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Giorgi Tsereteli (orientalist)

Stamp of Georgia, 2004

Giorgi (George) V. Tsereteli FRAS (alternately transliterated as Cereteli) (გიორგი წერეთელი in Georgian, 8 October 1904 – 9 September 1973) was a Georgian scientist and public benefactor, founder of the well-known Georgian scientific school of Oriental Studies. He founded both the Faculty of Oriental Studies of the Tbilisi State University (TSU)[1] the Institute of Oriental Studies of the Georgian National Academy of Sciences (GNAS), the latter of which he was the first Director. He was also an Academician of GNAS,[2] a Meritorious Scientific Worker of Georgia, a Doctor of Philological Sciences and a Professor.

Life and works

Giorgi Tsereteli was born in Tianeti, Eastern Georgia. In 1927, he graduated from the Tbilisi State University (TSU).[3] From 1928 to 1931, he was a Post-Graduate Student at the Academy of Sciences of Soviet Union (since 1991 - Russian Academy of Science), and from 1931 to 1933, he held the position of Associate Professor at the Leningrad (now St.Petersburg) State Institute of Living Oriental Languages. Between 1933 and 1973 he was Associate Professor (1933-1942) and Professor (1942-1973) of the Tbilisi State University. 1933-1937 - Senior Research Fellow of the State Museum of Georgia. In 1940-1960 Tsereteli was a Head of the Department of Oriental Languages of the Institute of Linguistics of the Georgian Academy of Sciences (GAS). In 1942 he received a degree of the Doctor of Philological Sciences and scientific title of Professor.

In 1945 Tsereteli was a founder of the Faculty of Oriental Studies of TSU, In 1945 he led the Department of Semitic studies at the TSU Faculty of Oriental Studies which he founded; a position he held until 1973. In 1946 he was elected as Academician (Full Member) of the Georgian National Academy of Sciences (GNAS). In 1957-1967 he was Academician-Secretary (Chairman) of the Department of Social Sciences of GNAS, in 1967-1970 Vice-President of GNAS, in 1970-1973 member of the Presidium of the Academy. For 13 years he was the Director of the Oriental Studies of GNAS which he also founded. In 1959, Giorgi Tsereteli was invited by the Polish Academy of Sciences and the University of Warsaw to Poland with academician Sergi Jikia to give lectures.[4] In 1968 he was elected as Academician of the Academy of Sciences of Soviet Union (now Russian Academy of Science). He was also an Honorary Member of the Royal Asiatic Society of the Great Britain and Ireland (1964) and an Honorary Member of the Society of Orientalists of Poland (1966).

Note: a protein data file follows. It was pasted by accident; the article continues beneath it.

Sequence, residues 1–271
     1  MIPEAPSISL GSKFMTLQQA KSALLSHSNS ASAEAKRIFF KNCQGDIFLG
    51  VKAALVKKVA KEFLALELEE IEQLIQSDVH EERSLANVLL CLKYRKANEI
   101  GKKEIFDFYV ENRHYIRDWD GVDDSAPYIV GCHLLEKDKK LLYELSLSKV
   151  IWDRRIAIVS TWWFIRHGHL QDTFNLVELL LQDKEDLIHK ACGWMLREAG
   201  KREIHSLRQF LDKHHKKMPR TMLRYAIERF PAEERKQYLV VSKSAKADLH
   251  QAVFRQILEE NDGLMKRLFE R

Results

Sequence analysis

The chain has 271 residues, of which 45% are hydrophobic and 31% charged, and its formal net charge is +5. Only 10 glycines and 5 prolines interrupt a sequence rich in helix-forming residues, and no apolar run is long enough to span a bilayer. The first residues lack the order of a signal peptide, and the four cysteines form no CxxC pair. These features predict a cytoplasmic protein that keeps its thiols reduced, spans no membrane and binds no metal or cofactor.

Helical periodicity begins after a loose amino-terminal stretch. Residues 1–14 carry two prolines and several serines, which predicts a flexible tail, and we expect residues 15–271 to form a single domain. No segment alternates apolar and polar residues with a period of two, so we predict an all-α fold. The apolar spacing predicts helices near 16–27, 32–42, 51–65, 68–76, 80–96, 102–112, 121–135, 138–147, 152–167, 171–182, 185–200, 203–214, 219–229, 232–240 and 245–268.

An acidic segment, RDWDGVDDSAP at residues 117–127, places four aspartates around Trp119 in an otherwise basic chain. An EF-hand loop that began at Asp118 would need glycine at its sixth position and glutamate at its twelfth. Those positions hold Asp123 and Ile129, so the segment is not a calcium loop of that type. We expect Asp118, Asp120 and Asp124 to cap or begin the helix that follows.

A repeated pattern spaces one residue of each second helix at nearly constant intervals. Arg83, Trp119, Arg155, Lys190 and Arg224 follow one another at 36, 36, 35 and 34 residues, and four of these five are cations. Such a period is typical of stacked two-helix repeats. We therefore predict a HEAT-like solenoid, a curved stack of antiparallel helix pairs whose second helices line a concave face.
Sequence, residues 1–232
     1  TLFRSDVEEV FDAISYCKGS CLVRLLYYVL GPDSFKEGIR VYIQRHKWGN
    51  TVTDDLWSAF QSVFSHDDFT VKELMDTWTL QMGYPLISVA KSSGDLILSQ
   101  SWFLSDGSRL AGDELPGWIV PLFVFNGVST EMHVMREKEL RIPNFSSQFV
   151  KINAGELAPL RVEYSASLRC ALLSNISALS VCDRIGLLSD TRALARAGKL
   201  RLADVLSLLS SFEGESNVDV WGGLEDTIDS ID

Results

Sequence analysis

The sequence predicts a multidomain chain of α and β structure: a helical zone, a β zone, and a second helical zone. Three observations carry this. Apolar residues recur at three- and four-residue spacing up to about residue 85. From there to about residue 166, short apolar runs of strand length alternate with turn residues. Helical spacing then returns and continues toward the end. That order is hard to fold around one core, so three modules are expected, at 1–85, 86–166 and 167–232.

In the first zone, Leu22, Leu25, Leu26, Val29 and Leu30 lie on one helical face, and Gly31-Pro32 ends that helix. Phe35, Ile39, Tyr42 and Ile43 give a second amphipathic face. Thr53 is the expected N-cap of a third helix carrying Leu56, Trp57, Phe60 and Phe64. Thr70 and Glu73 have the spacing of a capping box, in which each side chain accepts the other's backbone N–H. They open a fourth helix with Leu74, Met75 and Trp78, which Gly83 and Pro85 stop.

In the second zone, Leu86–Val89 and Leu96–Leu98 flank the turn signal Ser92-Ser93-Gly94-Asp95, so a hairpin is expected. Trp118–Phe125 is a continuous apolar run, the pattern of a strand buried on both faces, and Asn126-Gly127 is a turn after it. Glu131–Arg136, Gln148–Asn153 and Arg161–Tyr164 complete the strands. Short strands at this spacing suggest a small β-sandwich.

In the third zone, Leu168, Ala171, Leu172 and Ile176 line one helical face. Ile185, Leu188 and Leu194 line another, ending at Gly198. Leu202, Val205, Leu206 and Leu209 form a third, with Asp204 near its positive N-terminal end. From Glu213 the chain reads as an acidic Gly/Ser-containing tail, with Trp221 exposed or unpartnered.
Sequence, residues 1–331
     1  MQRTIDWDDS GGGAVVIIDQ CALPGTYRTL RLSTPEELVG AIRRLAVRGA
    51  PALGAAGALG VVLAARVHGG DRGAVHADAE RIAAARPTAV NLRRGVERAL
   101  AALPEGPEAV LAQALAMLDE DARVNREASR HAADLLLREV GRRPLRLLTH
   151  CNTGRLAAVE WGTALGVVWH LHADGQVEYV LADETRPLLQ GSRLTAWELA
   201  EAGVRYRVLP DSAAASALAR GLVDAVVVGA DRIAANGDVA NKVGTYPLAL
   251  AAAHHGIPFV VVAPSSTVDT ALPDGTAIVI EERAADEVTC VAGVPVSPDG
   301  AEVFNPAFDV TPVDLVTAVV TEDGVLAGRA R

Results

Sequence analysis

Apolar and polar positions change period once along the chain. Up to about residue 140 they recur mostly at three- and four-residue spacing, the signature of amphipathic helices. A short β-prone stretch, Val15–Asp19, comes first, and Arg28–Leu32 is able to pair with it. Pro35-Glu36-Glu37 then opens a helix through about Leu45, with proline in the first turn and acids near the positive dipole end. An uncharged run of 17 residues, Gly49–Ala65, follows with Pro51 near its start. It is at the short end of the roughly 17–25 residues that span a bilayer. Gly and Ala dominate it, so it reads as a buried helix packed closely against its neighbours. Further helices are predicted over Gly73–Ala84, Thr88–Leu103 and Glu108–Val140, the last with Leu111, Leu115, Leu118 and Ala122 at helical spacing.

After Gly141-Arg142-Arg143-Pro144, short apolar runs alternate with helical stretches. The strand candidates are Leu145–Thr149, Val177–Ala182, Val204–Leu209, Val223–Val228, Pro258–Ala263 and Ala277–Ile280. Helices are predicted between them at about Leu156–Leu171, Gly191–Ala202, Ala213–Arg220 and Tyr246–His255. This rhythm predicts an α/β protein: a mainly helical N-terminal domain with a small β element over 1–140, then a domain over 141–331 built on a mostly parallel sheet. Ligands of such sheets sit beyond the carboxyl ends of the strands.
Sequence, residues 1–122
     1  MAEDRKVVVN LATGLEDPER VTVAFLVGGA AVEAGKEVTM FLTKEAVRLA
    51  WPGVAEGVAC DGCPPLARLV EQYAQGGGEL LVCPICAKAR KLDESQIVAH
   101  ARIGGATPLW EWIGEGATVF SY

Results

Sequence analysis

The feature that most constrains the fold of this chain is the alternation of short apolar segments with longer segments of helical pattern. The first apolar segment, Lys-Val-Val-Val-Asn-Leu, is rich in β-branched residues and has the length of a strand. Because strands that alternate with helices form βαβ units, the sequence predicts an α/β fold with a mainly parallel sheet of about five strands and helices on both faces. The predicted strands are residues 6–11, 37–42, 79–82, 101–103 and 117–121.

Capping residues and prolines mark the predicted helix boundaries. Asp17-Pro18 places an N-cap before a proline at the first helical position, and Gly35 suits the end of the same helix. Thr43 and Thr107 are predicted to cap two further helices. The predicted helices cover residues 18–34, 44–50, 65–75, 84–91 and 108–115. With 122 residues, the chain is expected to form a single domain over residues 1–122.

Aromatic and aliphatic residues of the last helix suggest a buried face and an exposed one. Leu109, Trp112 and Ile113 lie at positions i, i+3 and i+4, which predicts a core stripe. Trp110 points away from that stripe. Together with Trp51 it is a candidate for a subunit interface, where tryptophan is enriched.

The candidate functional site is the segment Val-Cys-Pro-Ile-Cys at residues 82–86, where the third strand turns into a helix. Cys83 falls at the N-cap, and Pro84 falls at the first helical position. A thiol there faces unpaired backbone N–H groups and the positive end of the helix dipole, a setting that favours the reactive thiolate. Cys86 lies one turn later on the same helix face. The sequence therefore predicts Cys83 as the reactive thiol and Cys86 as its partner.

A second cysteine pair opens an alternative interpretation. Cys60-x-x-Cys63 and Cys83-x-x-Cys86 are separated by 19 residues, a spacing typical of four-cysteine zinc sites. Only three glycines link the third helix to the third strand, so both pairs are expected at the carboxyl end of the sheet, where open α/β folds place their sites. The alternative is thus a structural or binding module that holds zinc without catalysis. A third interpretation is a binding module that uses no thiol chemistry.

Main fields of scientific activity of Giorgi Tsereteli were: Arabic dialects of the Central Asia, Arabic linguistics and folklore, Hebrew and Aramaic studies, history of old languages of the Near East, history of writing systems, history of the Georgian script, source studies of the history of Georgia and the Caucasus, Rustvelology, questions of theoretical linguistics, etc. He was author of more than 100 important scientific-research works, among them 10 monographs.

Giorgi Tsereteli died in 1973, in Tbilisi. He is buried in the garden of the Tbilisi State University.

Some of main scientific works

  • "The Urartian inscriptions of the State Museum of Georgia" (a monograph), Tbilisi, 1939, 110 pp. (in Georgian, Russian and English).
  • "The Armazi inscription of the period of Mithridats the Iberian" – Proceedings of the XXV International Congress of Orientalists, Moscow, 1962, pp. 374–378 (in Russian, English summary).
  • "The Bilingual inscriptions from Armazi" (a monograph), Tbilisi, 1941, 80 pp. (in Russian, English summary).
  • "Arabic Dialects of the Central Asia. Bukhara Dialect" (a monograph), Tbilisi, 1956, 343 pp. (in Russian, English summary).
  • "The ancient Georgian inscriptions from Palestine" (a monograph), Tbilisi, 1960, 110 pp. (in Georgian and English).
  • "The Meter and Rhyme in Shota Rustaveli's Poem "The Man in the Panther's Skin" (a monograph) – "The Meter and Rhyme in "The Man in the Panther's Skin"". Edited by G.V. Tsereteli, Tbilisi, 1973, pp. 2-120 (in Georgian).
  • "The influence of the Tajik language on the vocalism of Central Asian Arabic dialects" – BSOAS, vol. XXXIII, Part 1, London, 1970, pp. 167–170.
  • "The Verbal Particle m/mi in Bukhara Arabic" – "Folia Orientalia", vol. XII, 1970, pp. 29–35.

See also


  2. ^ "G. Tsereteli Institute of Oriental Studies". Retrieved 2019-07-08.
  3. ^ Books, Better World. "Buy New & Used Books Online with Free Shipping". Better World Books. Retrieved 2019-07-08.
  4. ^ Duduchava, I., Tivadze, A. (2020). Sergi Jikia (1898-1993): Biobibliography. Tbilisi: Ivane Javakhisvili Tbilisi State University. The National Science Library series “Georgian Scientists“. pp. 37-39.
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Giorgi Tsereteli (orientalist)
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